Skip to Main Content
Wildfire alters belowground and surface wood decomposition on two national forests in Montana, USAAuthor(s): Deborah S. Page-Dumroese; Martin F. Jurgensen; Chris A. Miller; James B. Pickens; Joanne M. Tirocke
Source: International Journal of Wildland Fire. 28: 456-469.
Publication Series: Scientific Journal (JRNL)
Station: Rocky Mountain Research Station
Download Publication (488.0 KB)
DescriptionWildfires can drastically alter belowground processes such as organic matter (OM) decomposition. We used wood stakes of two different tree species, trembling aspen (Populus tremuloides Michx.) and loblolly pine (Pinus taeda L.), placed at three soil locations (soil surface, forest floor-mineral soil interface, mineral soil), as an index of the long-term (5-year) effects of wildfire on OM decomposition in two forest stands after high-severity wildfire and in an unburned control. Wood stake mass loss was generally higher for aspen, especially in the mineral soil of burned plots, than in control plots after 5 years. Soil surface and interface (unburned stands only) stakes showed few significant differences for either species on the Bitterroot National Forest. On the Gallatin National Forest, both pine and aspen stakes had significantly greater mass loss at the interface (unburned stand) at the end of 5 years, and also decayed significantly faster at the 10-20-cm depth in the wildfire area. Using wood stakes as an index of soil microsite properties in burned and unburned plots, we show that fire increased both OM decomposition and mineral soil microsite variability. These results strengthen our understanding of soil-surface and belowground ecosystem responses to wildfire.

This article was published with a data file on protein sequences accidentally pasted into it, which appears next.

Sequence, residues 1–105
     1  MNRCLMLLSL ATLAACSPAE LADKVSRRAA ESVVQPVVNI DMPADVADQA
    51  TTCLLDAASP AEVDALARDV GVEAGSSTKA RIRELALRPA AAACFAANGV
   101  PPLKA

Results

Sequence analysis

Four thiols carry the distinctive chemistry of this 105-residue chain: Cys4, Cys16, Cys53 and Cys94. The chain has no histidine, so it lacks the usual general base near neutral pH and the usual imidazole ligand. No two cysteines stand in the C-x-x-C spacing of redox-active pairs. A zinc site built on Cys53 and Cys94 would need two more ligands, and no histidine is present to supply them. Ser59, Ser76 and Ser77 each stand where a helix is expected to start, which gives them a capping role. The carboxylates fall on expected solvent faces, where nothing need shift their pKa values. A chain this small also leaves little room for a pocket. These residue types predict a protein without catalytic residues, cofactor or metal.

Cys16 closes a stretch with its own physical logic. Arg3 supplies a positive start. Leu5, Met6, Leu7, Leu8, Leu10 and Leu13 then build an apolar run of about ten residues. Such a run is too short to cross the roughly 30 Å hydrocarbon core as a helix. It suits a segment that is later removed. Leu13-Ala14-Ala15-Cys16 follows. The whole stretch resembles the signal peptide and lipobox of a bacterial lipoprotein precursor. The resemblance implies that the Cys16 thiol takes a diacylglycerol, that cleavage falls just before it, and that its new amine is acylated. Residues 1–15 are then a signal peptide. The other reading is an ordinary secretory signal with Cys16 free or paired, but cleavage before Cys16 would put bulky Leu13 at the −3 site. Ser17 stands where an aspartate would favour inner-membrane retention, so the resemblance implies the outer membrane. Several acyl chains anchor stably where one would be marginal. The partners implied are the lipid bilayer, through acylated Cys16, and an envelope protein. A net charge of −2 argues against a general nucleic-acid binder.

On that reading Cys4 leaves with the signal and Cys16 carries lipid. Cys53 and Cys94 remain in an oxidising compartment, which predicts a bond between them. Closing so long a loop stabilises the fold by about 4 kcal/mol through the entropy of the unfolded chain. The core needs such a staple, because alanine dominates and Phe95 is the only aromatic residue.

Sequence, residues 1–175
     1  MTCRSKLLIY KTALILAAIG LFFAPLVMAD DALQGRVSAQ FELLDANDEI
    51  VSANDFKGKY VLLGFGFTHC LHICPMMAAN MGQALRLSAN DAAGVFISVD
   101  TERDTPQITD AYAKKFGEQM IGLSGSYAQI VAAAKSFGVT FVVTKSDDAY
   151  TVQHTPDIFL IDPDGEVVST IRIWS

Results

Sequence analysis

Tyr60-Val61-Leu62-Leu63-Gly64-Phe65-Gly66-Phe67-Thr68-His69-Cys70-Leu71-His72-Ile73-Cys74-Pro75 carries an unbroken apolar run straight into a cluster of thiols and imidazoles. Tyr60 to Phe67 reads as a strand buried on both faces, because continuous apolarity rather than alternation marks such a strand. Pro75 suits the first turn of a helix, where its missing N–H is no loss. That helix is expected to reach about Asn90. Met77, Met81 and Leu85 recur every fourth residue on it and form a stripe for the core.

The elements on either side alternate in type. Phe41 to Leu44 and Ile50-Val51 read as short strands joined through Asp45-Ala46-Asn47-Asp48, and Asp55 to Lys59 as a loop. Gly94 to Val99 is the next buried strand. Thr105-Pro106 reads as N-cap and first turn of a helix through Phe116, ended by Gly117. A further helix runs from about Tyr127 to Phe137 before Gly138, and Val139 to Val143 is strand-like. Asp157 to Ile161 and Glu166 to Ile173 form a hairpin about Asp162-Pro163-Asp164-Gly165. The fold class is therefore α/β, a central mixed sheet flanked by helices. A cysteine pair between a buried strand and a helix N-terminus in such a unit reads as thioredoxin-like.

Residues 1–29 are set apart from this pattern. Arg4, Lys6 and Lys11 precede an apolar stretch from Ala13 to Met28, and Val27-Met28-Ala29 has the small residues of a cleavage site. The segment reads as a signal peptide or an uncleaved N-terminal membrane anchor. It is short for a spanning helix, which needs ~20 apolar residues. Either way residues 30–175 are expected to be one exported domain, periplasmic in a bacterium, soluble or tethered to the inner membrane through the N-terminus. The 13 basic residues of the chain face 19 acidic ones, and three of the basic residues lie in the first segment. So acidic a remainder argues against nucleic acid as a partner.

- You may send email to firstname.lastname@example.org to request a hard copy of this publication.
- (Please specify exactly which publication you are requesting and your mailing address.)
- We recommend that you also print this page and attach it to the printout of the article, to retain the full citation information.
- This article was written and prepared by U.S. Government employees on official time, and is therefore in the public domain.
CitationPage-Dumroese, Deborah S.; Jurgensen, Martin F.; Miller, Chris A.; Pickens, James B.; Tirocke, Joanne M. 2019. Wildfire alters belowground and surface wood decomposition on two national forests in Montana, USA. International Journal of Wildland Fire. 28: 456-469.
KeywordsBitterroot National Forest, Gallatin National Forest, organic matter, Pinus taeda, Populus tremuloides, soil microsite
- Effectiveness of a confinement strategy in reducing pack stock impacts at campsites in the Selway-Bitterroot Wilderness, Idaho
- ECO-Report - Finding common ground: Montana Forest Restoration Committee
- Spotted knapweed (Centaurea biebersteinii DC) response to forest wildfires on the Bitterroot National Forest, Montana
XML: View XML